Editor’s Note: Steven Reinhold of Polk, Ohio, is the Regional Pro Staff Manager for Mossy Oak’s Eastern US Predator Division. The good news about predator hunting is that in certain states, you can hunt them before deer season arrives, during deer season and after deer season. Even when predators are out of season, a farmer or a rancher often can get a crop-depredation permit for you to hunt predators on their lands. Many people believe predator hunting is easier in the West with its open terrain, but Reinhold has been extremely-successful taking predators in the East.
We have a lot of flat terrain up here in Ohio where I live, so most of the time I like to set-up on field edges. I take a stand where I can see to both sides, giving me a good chance to spot a coyote before it sees me. I like the challenge of trying to get coyotes up close and personal before taking the shot. When I can see a coyote come in and watch it get right to where I want to take it, that’s as exciting to me as watching a longbeard gobbler strut into gun range. In seminars, I’m often asked how I get permission to hunt the places I hunt. I tell them that I knock on doors and ask landowners. Landowners may have problems with bobcats, foxes, coyotes and/or raccoons. In other parts of the country like the Deep South, feral hogs also are viewed as predators and may be hunted all year, but they aren’t a big problem where I hunt.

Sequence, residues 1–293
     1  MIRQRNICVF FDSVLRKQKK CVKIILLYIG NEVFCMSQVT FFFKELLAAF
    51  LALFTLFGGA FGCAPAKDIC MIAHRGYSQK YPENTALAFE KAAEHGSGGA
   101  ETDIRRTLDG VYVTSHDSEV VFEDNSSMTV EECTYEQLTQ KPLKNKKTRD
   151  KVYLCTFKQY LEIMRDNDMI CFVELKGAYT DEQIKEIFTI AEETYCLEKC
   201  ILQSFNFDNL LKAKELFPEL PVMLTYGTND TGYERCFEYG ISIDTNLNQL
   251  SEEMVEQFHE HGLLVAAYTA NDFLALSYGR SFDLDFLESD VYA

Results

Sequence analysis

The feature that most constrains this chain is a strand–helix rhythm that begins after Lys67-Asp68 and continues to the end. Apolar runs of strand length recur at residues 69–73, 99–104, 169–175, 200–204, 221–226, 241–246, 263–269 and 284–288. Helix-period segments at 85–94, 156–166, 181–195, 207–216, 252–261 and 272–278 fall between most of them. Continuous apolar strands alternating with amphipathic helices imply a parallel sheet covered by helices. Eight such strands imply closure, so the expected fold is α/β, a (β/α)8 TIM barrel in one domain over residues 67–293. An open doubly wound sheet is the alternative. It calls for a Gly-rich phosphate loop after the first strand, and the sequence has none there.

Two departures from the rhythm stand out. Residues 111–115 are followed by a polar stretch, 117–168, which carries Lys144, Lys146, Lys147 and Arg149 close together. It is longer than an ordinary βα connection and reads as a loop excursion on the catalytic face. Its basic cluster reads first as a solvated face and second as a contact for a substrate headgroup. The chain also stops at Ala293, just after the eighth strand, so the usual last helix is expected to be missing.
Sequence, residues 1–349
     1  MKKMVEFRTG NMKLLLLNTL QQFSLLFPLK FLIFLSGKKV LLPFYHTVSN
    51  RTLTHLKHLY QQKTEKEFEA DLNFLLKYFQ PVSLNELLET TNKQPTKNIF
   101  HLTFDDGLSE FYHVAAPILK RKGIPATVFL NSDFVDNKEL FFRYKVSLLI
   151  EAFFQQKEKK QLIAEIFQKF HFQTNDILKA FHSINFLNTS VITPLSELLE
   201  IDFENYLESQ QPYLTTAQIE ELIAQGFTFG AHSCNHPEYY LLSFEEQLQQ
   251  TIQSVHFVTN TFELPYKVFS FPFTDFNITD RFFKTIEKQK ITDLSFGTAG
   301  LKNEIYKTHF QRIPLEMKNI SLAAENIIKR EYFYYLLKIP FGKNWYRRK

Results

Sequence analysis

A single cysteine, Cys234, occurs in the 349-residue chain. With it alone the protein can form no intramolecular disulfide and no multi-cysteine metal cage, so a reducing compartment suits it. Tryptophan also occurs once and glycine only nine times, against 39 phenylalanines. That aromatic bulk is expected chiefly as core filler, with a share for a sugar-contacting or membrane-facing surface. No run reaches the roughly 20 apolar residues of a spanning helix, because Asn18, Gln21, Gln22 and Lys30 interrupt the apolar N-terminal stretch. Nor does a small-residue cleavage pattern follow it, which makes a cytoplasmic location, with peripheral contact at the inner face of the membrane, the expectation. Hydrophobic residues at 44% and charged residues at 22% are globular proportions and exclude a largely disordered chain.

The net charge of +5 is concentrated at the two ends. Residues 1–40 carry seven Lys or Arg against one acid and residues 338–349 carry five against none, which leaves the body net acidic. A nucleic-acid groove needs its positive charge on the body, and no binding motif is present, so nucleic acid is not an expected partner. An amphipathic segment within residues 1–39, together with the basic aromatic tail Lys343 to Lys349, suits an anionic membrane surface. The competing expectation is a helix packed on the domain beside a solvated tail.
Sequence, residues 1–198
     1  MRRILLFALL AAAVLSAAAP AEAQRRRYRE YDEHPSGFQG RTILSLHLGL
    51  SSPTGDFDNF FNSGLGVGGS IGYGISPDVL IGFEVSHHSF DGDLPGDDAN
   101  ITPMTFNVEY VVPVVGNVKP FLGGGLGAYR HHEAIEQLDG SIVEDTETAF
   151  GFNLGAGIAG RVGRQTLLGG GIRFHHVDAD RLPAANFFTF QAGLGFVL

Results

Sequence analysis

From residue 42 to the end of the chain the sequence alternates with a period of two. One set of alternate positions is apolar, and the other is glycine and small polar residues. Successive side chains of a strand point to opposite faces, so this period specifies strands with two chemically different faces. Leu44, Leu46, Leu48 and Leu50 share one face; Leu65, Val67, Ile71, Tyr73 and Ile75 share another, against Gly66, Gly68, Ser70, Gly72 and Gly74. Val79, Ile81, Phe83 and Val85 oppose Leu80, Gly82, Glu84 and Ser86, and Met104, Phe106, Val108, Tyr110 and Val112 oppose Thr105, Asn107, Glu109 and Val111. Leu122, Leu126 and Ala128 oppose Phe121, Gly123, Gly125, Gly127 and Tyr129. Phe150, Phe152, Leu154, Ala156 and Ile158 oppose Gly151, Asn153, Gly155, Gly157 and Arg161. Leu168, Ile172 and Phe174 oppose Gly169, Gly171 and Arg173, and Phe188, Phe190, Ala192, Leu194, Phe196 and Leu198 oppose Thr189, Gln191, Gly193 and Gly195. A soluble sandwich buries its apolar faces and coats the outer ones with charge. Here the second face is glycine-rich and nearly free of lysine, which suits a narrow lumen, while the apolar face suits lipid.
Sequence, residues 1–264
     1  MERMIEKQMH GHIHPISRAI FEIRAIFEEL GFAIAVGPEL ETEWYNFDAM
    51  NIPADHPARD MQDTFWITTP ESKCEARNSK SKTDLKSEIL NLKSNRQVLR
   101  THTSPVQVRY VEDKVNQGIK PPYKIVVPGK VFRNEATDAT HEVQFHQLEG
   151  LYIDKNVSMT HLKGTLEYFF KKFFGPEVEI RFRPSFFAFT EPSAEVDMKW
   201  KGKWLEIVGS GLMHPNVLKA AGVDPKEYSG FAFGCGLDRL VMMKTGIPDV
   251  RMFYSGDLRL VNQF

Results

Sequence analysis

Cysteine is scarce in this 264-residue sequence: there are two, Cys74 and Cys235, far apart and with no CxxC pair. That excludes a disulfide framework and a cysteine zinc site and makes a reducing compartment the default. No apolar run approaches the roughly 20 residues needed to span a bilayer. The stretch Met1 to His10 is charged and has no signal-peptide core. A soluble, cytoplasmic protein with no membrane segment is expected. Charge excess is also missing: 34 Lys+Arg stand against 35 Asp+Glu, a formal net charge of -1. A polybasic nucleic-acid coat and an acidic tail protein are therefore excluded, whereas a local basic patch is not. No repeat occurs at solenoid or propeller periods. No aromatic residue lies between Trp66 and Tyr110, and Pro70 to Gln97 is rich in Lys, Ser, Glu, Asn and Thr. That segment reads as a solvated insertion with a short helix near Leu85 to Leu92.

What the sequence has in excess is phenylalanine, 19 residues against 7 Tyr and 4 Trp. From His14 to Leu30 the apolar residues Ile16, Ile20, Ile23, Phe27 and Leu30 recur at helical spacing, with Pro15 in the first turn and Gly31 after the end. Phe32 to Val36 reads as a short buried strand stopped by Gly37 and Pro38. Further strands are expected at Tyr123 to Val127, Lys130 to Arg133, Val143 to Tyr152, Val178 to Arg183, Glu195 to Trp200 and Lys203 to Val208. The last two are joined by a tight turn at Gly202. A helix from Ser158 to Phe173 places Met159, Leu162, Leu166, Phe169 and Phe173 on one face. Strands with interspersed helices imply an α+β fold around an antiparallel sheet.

One of my favorite animals to call and to take is the raccoon. We’re pretty much in the Corn Belt where I live, and raccoons really can do a lot of damage to a farmer’s corn crop. If you’ve never called coons, you may want to try it this year, because when a raccoon comes to a call, it’s usually coming in for a fight. I generally hunt coyotes from first light until 9:00 am and then hunt raccoons in creek and river bottoms. You can call coons out of their trees during the morning hours as well, and the middle of January until the end of February is my favorite time for coons. We’re talking with wildlife officials to permit coon hunting all year long just like coyotes. When the corn crop comes in, we can run the coons with dogs but can’t harvest them. Right now our season in Ohio where I live opens in November and goes through January 31. We try to harvest as many coons as we can, but we can’t really help the farmers whose crops are being damaged by coons in the spring and summer at this time. Farmers can get crop-depredation permits for white-tailed deer, but not for coons. Deer will stand in a corn field and eat the corn off the stalks, but a coon will climb up a corn stalk, knock the stalk down and then eat the corn, so the coons really are doing more damage than the deer.